Promises Of Jesus

When pondering the promises of Jesus, one must take a look at both the Old and New Testaments to understand that the promised redemption of a fallen creation has been a mission on God's heart since sin entered the world. When looking into a few of the prophetic passages that speak of a Savior, we discover that Jesus promises were echoes of God's heart and God's will from the beginning of time. This is true for the Scriptures that speak of a Promised Land which is a foreshadow of heaven. The Bible consistently teaches the same message throughout the different periods of time in which it was written. Whether we call it vow, covenant, or promise, the big picture of God's plan began in a garden close to six-thousand years ago. The story ends with the person we know as Jesus Christ.

In the very first few chapters of Genesis, we find that created human beings were quick in disobeying their Creator. As a result, sin and death entered into the world. Because it has never been God's will that man should perish, a plan for redeeming mankind was in play. The promises of Jesus are really the assurances of the Father to a world in sin. It starts with the promise of a nation: Israel. Abraham was told that he would be the father of a nation and that all the nations of the earth would be blessed through his seed. With the birth of the nation of Israel, God promised these people abundant blessings in the Promised Land if these once slaves would be faithful to Him. These vows are the beginning of what we now call Jesus promises because it is actually this Son of God, a Jew, that offers the greatest blessing of all time: the gift of eternal life.

In the Bible, there are more than ninety Old Testament prophecies about Jesus which are quoted in the New Testament. The writers of the New Testament recognized that Christ was the Messiah whom God promised would come. The coming Prince would be from the line of David; a wonderful counselor and a prince of peace. And though many did not recognize Jesus as the Savior God had spoken of, He performed miracles and taught of hope and healing, bringing the promises of Jesus to a world in need. Some theologians believe that because Christ did not come in the kind of power expected of the Messiah, he was treated as a fraud or one who blasphemed. The Jews believed a Savior would rescue them from the oppression of the ruling Roman government. But Christ arrived teaching instead love, humility, and forgiveness. Jesus promises were somewhat unexpected and the treasures buried in these characteristics were overlooked.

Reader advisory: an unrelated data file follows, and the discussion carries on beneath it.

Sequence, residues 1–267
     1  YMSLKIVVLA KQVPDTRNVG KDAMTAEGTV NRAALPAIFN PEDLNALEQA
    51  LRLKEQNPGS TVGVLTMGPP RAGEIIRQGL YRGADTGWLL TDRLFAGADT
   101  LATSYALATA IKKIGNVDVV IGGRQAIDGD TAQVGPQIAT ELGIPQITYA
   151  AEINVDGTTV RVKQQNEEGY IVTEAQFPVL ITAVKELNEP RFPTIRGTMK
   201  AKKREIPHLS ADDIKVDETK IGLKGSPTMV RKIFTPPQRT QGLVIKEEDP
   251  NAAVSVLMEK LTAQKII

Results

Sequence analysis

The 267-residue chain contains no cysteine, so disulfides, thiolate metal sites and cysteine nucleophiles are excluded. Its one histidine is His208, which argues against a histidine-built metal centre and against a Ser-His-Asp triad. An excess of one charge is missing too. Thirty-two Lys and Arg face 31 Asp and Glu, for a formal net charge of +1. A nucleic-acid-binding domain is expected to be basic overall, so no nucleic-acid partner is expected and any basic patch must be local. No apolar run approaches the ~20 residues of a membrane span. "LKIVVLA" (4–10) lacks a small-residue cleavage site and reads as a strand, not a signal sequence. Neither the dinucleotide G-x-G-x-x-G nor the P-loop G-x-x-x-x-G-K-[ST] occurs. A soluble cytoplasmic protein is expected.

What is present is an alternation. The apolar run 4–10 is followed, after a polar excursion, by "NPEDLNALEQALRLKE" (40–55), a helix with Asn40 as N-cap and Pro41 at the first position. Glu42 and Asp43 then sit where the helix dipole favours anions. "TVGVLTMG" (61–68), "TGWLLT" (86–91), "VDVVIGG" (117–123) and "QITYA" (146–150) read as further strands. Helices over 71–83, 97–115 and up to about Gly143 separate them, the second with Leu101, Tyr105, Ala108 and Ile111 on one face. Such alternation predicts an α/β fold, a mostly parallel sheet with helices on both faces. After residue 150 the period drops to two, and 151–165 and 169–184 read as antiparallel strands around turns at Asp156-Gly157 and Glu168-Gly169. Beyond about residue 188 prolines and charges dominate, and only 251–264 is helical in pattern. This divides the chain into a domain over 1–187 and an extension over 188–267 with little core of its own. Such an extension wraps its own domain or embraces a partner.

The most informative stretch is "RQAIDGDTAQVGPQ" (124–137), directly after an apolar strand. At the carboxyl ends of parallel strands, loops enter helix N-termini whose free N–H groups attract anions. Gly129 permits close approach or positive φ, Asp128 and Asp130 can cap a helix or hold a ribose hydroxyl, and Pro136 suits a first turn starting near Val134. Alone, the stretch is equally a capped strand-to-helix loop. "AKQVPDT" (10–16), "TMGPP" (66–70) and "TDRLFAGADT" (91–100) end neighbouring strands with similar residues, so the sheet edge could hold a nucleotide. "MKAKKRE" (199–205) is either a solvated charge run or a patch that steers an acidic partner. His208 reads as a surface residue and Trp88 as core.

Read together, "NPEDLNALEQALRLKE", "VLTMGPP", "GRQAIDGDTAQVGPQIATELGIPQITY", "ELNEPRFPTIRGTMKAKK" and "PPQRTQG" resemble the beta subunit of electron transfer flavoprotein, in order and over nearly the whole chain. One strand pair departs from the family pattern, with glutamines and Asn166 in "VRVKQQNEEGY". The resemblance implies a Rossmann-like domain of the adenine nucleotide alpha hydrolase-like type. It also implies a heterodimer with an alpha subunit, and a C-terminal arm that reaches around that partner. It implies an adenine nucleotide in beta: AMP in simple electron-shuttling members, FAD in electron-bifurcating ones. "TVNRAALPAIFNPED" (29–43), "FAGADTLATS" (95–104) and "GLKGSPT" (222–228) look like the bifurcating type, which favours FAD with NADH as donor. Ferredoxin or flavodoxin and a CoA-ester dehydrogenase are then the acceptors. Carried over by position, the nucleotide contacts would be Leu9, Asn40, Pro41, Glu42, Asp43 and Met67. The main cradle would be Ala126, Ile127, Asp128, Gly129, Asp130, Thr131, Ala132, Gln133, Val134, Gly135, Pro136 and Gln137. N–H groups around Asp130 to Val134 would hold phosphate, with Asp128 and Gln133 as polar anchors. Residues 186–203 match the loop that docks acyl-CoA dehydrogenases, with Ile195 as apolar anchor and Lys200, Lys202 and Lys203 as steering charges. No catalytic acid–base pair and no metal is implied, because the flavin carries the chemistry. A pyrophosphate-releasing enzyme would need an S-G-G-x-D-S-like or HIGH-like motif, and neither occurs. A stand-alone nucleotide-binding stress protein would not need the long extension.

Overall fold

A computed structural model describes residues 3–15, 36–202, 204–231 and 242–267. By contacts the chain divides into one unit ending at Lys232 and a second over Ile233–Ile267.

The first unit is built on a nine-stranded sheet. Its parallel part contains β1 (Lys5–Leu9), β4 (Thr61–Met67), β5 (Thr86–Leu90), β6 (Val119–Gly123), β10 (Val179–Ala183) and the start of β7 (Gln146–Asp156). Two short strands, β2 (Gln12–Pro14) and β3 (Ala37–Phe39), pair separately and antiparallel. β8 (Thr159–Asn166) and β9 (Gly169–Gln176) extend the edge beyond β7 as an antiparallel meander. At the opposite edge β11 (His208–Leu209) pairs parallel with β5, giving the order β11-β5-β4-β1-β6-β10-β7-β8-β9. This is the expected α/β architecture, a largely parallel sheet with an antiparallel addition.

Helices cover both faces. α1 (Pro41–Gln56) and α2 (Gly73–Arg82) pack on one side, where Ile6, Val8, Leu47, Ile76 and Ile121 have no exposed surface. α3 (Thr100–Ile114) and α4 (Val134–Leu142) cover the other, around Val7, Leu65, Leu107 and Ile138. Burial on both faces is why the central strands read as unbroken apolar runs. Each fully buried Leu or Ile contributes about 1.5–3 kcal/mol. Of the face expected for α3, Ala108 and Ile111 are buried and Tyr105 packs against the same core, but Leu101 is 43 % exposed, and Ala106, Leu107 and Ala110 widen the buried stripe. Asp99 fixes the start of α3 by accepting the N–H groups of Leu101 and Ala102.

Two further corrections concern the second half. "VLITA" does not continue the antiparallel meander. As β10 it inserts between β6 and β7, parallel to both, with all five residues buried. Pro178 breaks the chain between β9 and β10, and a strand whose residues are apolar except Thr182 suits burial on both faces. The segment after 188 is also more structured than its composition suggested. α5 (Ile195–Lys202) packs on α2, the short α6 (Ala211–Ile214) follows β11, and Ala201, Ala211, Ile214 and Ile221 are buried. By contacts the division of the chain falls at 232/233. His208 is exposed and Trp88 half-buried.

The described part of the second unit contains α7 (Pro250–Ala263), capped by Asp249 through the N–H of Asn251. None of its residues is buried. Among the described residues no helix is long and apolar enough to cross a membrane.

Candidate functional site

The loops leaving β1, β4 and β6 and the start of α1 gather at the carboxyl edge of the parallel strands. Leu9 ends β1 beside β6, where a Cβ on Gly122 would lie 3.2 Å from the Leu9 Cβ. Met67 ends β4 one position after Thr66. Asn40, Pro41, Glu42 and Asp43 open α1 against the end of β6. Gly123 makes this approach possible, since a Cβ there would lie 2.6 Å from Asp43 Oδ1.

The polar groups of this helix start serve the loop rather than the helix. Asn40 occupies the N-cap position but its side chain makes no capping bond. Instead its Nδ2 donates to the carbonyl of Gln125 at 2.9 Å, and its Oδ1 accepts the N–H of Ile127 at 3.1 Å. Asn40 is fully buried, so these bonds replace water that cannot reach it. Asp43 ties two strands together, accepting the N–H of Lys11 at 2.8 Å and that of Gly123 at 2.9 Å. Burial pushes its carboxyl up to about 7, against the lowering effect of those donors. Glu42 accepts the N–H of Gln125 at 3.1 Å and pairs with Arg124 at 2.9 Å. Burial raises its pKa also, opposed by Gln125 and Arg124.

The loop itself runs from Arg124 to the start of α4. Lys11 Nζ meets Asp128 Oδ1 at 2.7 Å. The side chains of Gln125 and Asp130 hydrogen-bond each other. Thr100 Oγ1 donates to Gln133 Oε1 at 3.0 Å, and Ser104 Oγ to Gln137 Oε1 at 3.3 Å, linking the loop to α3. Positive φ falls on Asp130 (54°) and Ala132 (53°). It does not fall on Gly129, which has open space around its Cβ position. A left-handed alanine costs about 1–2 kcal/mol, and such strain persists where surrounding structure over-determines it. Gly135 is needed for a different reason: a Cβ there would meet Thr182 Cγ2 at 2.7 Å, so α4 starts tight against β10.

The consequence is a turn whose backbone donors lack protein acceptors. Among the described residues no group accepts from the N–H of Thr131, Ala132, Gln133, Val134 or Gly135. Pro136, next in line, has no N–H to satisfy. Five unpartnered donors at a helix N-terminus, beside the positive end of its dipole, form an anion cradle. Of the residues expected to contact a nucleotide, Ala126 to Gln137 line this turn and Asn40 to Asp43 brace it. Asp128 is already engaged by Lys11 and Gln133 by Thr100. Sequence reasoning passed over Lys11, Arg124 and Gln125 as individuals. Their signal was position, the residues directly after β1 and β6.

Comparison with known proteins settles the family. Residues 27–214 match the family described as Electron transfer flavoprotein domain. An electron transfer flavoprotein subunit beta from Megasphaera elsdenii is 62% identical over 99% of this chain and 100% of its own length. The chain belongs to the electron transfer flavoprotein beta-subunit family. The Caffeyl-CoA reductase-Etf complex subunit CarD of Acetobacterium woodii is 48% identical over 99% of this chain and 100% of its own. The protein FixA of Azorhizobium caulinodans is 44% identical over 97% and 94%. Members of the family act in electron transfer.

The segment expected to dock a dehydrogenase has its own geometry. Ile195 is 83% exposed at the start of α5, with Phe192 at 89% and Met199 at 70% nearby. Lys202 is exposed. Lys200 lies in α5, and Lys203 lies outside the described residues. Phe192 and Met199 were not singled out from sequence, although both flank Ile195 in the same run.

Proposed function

When looking at the direct assurances Christ spoke of, we find an amazing passage in the book of John. "In my Fathers house are many mansions: if it were not so, I would have told you. I go to prepare a place for you." (John 14:2) One of the promises of Jesus is that he is preparing a place of great glory for those who love him. In the next verse, our Savior tells the disciples that not only will He go away, but He will return to accompany His followers to this prepared place. The Son of God declares that there will be a second coming. We will see Him again! In this same discourse at the Last Supper, Christ also tells the disciples that a Comforter will be sent to abide with them forever. The Lord has promised that we are not left as orphans, but indeed left with a tremendous guide and teacher while we wait for the grand return of our Messiah.

Of course we cannot write or speak of promises without exploring eternal salvation, the promise planned from the beginning. Christ said that God loved the world and that those who would believe that He was the Son of God would have eternal life. This means that Jesus promises offer sinners a way to reconcile with God. Because the punishment for sin is death, it is just that all men should die because we are told in the book of Romans that all men have sinned and fallen short of the glory of God. Though the Bible makes it clear that we are all sinners, this is also an innate understanding in humans. Somehow, we understand that we are not good. But by mercy through the death of the Son of God, we are extended grace and invited into eternal life. Christ died so that we might live. This is the greatest gift and promise known to mankind.

The resurrection of Jesus is also a demonstrated promise of great importance. In rising from the grave, this prophesied Messiah conquered death once and for all. Because of the resurrection of Christ's physical body, we have the assurance that eternal life means a physical life in a place where there is no sin or sorrow. We will be living in physical bodies prepared for living eternally. Through prophecy, God has proven that the promises of the Bible will come to pass. We can and should expect the same from the words spoken by the Son of God. The promises of Jesus are the promises of God the Father.







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